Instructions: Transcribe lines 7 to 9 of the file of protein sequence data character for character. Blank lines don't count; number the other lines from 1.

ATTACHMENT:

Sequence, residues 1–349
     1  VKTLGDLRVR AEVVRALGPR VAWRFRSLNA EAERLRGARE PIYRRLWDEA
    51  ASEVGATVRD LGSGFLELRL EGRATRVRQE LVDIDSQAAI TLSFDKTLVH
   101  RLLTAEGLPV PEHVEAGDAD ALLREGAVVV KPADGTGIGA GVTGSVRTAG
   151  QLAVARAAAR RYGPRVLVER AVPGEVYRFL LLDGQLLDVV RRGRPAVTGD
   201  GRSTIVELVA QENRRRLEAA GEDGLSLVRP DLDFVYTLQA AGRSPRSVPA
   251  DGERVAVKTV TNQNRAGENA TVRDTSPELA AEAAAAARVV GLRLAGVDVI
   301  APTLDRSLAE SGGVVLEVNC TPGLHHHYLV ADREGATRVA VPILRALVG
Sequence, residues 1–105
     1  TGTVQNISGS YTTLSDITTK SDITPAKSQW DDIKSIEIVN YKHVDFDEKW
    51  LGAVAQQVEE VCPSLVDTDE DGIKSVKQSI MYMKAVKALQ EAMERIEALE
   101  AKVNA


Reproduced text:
   251  DGERVAVKTV TNQNRAGENA TVRDTSPELA AEAAAAARVV GLRLAGVDVI
   301  APTLDRSLAE SGGVVLEVNC TPGLHHHYLV ADREGATRVA VPILRALVG
Sequence, residues 1–105